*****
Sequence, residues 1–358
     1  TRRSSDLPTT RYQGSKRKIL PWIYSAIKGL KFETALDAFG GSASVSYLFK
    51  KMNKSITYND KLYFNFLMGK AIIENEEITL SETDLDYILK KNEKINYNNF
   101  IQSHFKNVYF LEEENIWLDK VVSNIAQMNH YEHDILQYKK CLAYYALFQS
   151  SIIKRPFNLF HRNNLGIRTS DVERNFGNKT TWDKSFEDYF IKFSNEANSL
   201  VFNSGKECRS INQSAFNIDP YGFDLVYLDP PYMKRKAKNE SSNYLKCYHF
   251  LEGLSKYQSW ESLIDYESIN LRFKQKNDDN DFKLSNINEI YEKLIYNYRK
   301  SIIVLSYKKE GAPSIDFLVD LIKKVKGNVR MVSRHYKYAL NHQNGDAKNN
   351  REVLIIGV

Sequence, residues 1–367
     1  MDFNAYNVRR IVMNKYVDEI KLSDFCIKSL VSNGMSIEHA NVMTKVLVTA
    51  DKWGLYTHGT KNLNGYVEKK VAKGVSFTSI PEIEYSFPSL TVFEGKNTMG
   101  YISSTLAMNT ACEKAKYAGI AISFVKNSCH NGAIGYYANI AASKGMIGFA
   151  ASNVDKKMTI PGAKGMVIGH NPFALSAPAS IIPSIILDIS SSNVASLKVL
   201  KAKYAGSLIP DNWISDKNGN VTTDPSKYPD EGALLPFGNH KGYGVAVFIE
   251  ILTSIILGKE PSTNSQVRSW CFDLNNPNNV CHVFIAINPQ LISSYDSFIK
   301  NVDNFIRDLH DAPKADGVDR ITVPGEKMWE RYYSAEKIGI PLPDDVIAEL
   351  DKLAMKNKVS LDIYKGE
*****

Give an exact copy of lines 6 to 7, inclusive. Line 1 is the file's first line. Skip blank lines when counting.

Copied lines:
   201  VFNSGKECRS INQSAFNIDP YGFDLVYLDP PYMKRKAKNE SSNYLKCYHF
   251  LEGLSKYQSW ESLIDYESIN LRFKQKNDDN DFKLSNINEI YEKLIYNYRK